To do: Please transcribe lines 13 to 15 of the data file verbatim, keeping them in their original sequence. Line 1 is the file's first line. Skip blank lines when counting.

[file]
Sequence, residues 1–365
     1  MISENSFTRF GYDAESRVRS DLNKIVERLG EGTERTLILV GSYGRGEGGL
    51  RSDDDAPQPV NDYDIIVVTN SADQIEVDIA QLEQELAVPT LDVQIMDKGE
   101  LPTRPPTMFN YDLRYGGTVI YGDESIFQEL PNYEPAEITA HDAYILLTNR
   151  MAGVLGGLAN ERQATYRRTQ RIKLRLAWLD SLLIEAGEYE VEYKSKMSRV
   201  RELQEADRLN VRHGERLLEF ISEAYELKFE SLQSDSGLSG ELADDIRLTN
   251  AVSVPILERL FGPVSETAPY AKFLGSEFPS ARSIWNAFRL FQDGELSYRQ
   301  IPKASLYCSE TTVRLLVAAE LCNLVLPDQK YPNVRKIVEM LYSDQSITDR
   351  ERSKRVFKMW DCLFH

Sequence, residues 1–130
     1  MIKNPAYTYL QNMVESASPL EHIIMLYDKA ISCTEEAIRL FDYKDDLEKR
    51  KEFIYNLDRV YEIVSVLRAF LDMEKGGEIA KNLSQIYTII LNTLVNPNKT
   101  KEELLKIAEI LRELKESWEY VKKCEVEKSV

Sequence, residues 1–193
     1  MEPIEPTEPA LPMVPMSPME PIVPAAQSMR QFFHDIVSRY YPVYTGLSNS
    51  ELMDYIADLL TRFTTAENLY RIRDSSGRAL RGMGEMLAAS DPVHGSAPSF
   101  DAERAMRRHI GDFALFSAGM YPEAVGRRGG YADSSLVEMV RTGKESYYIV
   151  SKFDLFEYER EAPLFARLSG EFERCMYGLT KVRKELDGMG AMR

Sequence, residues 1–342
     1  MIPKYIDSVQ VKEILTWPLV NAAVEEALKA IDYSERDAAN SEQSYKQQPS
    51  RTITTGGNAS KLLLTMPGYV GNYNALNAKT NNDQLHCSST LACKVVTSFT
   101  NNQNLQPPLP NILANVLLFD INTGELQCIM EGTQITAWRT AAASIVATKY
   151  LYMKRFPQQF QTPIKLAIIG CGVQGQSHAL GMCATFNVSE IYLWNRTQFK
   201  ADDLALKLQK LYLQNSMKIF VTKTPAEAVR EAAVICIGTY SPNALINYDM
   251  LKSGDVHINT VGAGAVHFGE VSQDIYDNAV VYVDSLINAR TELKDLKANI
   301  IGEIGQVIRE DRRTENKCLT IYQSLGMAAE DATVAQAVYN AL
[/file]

   101  KEELLKIAEI LRELKESWEY VKKCEVEKSV

Sequence, residues 1–193
     1  MEPIEPTEPA LPMVPMSPME PIVPAAQSMR QFFHDIVSRY YPVYTGLSNS